10 things you need to know about OG Odd Future kid turned innovator, Vritra

Watch the LA artist’s feel-good new video ‘Air Raid’ right here.

by Frankie Dunn
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Sep 3 2020, 3:56pm

When Hal Williams was 10 years old, his dad got him a karaoke machine. It had the function to record things to cassette, and so he started capturing his grandmother singing gospel. Fast forward through a childhood of moving around the States and in his teens, the artist known then as Pyramid Vritra, struck up a friendship with longtime collaborator Matt Martians of The Internet, the two of them making music together as The Jet Age of Tomorrow, part of Odd Future’s colourful world. “I would either spend my time over at Matt’s in Atlanta or he would come down to Powder Springs to visit me in Georgia,” Vritra (he dropped the Pyramid) tells i-D. “It was really just about having fun and enjoying making music. I learned how to stop overthinking and just make what I like.”

A move to LA meant the two friends spent more time around Syd, Mike G, Left Brain, and Vince (“everyone else I wasn’t as close to”), a period that Vritra remembers as being full of “good times”. Being a part of the Odd Future family shaped the young rapper-producer positively, mostly down to the fact that no one was concerned about what anyone else thought. “It was just about whether we were having fun, if the song hit the way we wanted it to sound-wise, and just sharing music with friends,” he says. “That’s all that matters in music. It’s still the way I approach things now. I do what I like.”

Talking of which, several albums into his solo career, Vritra is gearing up to release a new album called Sonar -- an impressive jazz-tinged rap record produced by Leon Sylvers IV and out 4 September via Bad Taste. Today, to warm you up for the full project, he’s sharing the single “Air Raid” and its lo-fi visual with you right here. “‘It’s about mastering whatever you’re doing,” he says of the track. “The lyric ‘it’s something in the air’ is pointing to the feeling that everyone is following the same path, trying to be the same thing. Then ‘the game is a trap/ it isn’t fair’ addresses the fact the ‘game’ we play isn’t designed for us. And when I say, ‘I’m looking in the mirror/ my reflection isn’t there/ hello, who the f*** I’m ‘sposed to challenge when I’m holding the throne?’ is saying that, even though it isn’t fair and everyone is moving in the same direction, there’s no competition to simply being you and doing your thing.”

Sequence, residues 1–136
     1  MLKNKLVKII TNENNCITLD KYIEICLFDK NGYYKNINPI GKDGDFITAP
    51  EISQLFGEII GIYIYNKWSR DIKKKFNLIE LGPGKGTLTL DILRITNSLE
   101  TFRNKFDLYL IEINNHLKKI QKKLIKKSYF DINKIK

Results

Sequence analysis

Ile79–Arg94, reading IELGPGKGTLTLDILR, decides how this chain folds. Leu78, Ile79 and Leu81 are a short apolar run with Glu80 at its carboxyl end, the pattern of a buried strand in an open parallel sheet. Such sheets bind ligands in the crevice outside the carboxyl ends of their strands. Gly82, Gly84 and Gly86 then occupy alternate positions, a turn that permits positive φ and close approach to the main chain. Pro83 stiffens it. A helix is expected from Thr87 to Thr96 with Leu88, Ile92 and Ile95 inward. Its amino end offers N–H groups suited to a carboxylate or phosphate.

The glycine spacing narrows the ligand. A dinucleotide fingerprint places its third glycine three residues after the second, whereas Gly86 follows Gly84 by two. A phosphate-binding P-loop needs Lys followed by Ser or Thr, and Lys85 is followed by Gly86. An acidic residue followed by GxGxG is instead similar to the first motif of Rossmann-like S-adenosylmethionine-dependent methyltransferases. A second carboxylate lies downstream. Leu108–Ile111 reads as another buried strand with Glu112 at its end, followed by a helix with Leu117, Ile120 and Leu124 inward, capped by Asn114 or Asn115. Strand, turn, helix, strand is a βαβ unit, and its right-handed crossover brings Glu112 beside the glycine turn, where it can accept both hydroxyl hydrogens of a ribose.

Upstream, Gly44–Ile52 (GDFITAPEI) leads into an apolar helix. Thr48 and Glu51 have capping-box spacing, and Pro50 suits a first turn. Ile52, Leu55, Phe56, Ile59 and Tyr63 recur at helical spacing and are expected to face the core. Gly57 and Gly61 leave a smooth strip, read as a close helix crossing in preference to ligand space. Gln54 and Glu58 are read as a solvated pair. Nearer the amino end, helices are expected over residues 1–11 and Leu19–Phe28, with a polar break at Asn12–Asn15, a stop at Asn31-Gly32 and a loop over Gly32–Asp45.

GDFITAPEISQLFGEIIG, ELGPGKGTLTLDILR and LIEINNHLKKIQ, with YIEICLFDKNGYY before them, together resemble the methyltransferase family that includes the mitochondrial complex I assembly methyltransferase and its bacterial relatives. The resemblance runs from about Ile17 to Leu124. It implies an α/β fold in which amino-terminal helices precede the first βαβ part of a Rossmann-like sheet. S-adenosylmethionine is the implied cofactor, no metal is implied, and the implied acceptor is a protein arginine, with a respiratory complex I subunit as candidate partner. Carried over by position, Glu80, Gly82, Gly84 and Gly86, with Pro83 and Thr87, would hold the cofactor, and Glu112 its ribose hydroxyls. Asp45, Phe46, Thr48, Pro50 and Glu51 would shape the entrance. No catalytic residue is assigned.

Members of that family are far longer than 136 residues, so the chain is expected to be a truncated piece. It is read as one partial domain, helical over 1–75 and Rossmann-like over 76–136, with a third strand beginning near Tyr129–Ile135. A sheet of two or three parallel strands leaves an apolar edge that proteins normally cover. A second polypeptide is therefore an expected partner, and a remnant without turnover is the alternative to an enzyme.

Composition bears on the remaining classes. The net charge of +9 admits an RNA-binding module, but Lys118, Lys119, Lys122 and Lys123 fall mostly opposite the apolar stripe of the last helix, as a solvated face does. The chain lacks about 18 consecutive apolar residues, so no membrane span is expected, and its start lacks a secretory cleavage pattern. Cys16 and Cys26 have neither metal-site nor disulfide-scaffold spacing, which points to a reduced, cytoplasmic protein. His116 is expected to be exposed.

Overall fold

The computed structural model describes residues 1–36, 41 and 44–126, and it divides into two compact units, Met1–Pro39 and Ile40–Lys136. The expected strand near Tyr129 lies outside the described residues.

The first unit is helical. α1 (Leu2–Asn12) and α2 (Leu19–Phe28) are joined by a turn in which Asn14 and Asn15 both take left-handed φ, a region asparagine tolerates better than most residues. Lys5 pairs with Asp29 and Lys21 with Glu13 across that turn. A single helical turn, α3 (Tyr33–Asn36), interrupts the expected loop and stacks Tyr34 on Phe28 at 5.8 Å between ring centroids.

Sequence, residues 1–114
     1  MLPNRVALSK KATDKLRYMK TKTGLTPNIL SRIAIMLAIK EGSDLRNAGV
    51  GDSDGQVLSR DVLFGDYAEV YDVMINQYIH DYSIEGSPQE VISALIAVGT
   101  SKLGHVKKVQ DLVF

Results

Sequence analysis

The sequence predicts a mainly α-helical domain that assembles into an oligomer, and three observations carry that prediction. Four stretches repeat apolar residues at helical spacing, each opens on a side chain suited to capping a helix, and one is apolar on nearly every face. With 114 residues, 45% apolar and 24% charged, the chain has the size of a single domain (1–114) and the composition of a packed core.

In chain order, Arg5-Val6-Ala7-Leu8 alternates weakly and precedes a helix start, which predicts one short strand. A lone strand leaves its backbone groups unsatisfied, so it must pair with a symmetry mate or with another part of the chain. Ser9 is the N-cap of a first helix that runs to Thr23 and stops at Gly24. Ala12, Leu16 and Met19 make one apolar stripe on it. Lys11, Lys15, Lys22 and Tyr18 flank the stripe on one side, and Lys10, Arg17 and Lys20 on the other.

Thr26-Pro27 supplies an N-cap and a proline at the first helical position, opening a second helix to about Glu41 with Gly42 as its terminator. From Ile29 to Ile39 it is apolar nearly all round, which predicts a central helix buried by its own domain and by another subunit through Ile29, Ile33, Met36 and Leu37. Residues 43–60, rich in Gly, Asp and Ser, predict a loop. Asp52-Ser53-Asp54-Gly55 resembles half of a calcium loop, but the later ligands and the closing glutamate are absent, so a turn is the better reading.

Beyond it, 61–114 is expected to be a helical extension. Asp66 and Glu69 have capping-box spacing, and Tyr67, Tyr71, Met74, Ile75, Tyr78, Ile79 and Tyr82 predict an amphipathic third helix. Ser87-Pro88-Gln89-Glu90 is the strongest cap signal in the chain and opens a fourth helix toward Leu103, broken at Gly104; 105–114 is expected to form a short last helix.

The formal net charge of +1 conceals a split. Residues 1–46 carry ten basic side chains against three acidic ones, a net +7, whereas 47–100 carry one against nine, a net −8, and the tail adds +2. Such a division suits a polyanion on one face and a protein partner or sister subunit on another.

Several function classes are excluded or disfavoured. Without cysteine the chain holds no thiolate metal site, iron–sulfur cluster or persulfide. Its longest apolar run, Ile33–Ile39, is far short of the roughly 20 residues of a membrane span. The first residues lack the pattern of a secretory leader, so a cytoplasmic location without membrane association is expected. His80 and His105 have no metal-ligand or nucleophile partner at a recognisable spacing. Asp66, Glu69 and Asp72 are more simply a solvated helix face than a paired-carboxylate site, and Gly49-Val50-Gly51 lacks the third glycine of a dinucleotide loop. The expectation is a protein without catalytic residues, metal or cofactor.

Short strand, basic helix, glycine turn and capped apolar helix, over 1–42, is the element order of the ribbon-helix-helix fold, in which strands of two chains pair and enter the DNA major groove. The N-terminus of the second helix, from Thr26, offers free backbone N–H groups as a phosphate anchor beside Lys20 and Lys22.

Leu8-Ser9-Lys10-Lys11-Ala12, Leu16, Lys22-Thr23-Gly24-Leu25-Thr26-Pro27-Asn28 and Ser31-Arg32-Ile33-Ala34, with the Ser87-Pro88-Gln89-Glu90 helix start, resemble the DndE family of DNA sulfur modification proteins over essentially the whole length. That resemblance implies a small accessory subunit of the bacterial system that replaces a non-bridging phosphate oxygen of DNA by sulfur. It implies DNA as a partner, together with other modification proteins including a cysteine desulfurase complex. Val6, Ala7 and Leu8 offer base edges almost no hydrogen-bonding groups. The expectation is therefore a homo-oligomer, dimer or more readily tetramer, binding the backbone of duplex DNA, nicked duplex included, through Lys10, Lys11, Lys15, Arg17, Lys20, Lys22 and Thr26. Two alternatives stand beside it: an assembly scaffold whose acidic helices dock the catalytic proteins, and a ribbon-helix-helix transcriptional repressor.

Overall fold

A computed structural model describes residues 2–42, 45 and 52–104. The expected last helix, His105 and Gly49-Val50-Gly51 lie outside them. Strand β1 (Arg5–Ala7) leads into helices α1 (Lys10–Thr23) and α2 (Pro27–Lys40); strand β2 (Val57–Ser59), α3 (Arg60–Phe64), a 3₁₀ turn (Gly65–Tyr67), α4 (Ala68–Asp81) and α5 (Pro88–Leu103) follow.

The video, meanwhile, is a laidback hang out with the artist and those closest to him. “It’s just on some community vibes,” he says, “connectivity, human interaction, feeling like no one can challenge your ‘crew’.”

Watch it exclusively here and meet Vritra via these 10 interesting facts…

1. Vritra’s mom was in the Air Force when he was a kid
“So I moved around a bit growing up. I didn’t get to stay in one place long term until high school. Most of my memories are in Illinois and Georgia though.”

2. He started making music out of necessity 
“Some friends and I just wanted music to skate to. We were into electronic music and rap – some of it existed but not the way we wanted it to sound.”

3. Ask him what he makes and he’ll tell you it’s dance music
“I’d consider any of my solo music alternative dance, just from a hip-hop perspective. But Sonar is a full on rap album.”

4. His major musical influences span genres and decades
“Early Neptunes, Machinedrum, Kings of Leon, Basia, Lisa Stansfield, Kanye after 808s, and Robin Hannibal.”

5. Vritra has had musical projects under the names Pyramid Vritra, NRK (Atlanta hip-hop collective Nobody Really Knows), Wilma Vritra and now simply Vritra
“Wilma Vritra had a lot of cinematic, rich, deep toned vibes to me, so it was a platform to write like that. Leon’s production on Sonar is a little more beat-heavy and bright, which calls for a different approach. Every song pulls on a different part of me, but it all depends on the production. It speaks, and I respond the way it tells me to.”

6. But his forthcoming Vritra record Sonar, is his first rap-centric one
“I like the art of rap. I really dislike boom-bap type rap but I feel like it’s a ‘proving ground’ for lyrical sparing. I like Leon’s production style because it gives me a space to do that, while being experimental in its own way. Sonar is the middle ground. With the more experimental things I do, there isn’t as much space to focus on the lyrics because there’s so many other things going on.”

7. He reckons Sonar would be a good soundtrack for a cult skate video
“Maybe something that takes place in the Jim Crow-era south. Or actually Baker 3… everything works over _Baker 3._”

8. Something Vritra really values is staying true to himself
“I can be anything if I try, but I only want to try to be myself. Everyone is a ‘fictional character' of some sort now. It’s harder to be and shape yourself.”

9. Not many people know this, but he wishes he had a female voice
“Female vocal tones are cooler than male vocal tones imo. I’m content for now though, it’s been a journey to liking my own voice.”

10. His big plan is to expand creative experiences beyond just music
“Fashion and interactive sound, synthesisers, and sound production and manipulation hardware. Everything I do in music is just the ride there.”

Vritra’s Sonar is out tomorrow 4 September on Bad Taste. Pre-order the album here

Tagged:
Odd Future
music interviews
Vritra